Alison Blake at alison.lasag@gmail.com/07585337230

A Diary Of a Mesowarrior Living With #Mesothelioma #Asbestos –Wonderful News of a #Mesowarrior and Nano-Bots Im getting very scientific

The Biggest even for me this week was the publication of the story of a Mesowarrior Danielle Smalley

It was great to share her wonderful news. Our Youngest Mesowarrior at last I have been with her right through this wonderful young Woman’s Journey egging her on to get well again and she has made it.

I picked her story up from the papers some time back and made contact with her. I just couldn’t understand why a 23 year old had mesothelioma showing so early.

She doesn’t really know where the asbestos was whether it was in her school or her home.









It was wonderful when she got through the Operation for Peritoneal and then see her move into her own house We are so proud of our wonderful Meswarrior. Please take time and read her story she is amazing.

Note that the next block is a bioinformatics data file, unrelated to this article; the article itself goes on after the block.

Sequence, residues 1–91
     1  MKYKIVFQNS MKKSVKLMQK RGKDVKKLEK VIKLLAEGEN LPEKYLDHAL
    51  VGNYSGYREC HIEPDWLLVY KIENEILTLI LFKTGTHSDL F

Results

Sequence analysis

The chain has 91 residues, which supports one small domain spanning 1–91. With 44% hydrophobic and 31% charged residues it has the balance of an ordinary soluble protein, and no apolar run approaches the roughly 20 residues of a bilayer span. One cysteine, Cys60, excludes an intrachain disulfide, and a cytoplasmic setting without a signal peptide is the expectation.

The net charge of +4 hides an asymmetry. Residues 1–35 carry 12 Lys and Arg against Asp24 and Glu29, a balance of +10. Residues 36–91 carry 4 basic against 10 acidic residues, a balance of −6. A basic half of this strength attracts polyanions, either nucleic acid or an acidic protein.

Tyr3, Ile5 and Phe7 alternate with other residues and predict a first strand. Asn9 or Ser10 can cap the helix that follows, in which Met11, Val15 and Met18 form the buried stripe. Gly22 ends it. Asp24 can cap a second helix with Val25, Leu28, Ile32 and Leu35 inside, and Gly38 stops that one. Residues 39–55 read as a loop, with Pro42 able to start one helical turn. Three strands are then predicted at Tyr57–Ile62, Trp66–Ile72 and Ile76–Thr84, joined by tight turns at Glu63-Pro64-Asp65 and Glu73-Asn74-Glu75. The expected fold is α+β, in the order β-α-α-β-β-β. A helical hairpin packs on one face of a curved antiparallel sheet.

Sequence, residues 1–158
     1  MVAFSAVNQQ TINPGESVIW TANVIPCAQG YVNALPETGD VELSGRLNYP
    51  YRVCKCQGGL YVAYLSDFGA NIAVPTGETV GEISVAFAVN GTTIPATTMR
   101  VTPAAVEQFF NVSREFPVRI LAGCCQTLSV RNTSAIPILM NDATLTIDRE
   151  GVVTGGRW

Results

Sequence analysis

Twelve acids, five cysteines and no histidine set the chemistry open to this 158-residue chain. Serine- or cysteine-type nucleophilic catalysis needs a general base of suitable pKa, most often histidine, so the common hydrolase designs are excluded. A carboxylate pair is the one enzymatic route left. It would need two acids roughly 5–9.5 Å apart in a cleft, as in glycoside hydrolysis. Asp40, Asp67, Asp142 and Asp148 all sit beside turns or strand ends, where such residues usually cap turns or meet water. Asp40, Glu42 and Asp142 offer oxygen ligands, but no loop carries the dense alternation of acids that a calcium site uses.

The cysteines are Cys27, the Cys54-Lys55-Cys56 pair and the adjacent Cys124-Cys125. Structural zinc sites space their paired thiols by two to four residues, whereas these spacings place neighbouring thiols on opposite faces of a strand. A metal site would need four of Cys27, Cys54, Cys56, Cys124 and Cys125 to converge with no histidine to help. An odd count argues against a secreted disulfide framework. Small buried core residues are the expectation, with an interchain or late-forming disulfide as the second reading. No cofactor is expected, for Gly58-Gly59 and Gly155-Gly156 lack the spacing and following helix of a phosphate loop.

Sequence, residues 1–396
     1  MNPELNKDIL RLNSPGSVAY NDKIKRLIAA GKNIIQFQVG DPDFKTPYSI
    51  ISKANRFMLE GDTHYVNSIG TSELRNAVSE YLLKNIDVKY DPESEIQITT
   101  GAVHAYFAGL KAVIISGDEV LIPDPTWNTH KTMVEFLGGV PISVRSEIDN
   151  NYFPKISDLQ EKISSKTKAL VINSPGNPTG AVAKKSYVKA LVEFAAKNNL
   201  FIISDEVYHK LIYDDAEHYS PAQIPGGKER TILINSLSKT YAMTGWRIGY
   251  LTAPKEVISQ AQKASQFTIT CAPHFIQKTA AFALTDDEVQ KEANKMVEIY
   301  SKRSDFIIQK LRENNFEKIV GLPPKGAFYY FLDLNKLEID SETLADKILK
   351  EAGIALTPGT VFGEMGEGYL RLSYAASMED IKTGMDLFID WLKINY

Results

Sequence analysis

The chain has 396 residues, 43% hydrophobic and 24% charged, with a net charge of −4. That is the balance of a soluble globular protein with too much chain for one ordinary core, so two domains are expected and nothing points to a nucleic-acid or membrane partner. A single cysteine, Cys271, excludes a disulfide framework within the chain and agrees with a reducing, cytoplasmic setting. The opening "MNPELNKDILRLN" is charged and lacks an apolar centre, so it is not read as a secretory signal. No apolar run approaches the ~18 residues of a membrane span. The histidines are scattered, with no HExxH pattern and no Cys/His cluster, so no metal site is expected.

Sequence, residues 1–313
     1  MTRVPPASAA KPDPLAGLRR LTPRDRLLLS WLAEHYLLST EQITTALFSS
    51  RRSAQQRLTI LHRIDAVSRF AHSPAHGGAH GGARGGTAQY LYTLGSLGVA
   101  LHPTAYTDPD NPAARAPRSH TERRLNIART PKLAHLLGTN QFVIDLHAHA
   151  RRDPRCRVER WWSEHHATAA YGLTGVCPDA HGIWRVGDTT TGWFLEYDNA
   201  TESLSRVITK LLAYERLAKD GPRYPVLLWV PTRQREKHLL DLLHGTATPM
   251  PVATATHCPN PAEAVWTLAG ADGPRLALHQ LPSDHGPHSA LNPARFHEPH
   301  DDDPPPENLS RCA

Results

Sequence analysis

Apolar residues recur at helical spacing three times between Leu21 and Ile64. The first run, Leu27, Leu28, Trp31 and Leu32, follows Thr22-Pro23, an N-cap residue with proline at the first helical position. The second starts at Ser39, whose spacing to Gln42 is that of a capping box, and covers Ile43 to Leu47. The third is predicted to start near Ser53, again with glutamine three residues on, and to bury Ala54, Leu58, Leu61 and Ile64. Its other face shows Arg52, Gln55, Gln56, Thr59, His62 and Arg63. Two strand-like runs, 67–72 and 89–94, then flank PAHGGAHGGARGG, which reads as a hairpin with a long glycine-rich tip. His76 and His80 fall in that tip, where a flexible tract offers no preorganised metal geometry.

I received a message from a young man that has taken me into studying Nanobots. Gosh I do get involved in many weird things. Nontubes has come into my world as reports are published about the next wave of Asbestos like substances and I had been told how golf balls burst and nanotubes are inside as well as tennis rackets etc .

Mrs. Nye I am trying to contact and connect with experts in the field of Nanotechnology & Nanomedicine to discuss the feasibility of using nano technology to help in the removal of asbestos fibres and silica particles from the body.

How do you feel about such an endeavour as this?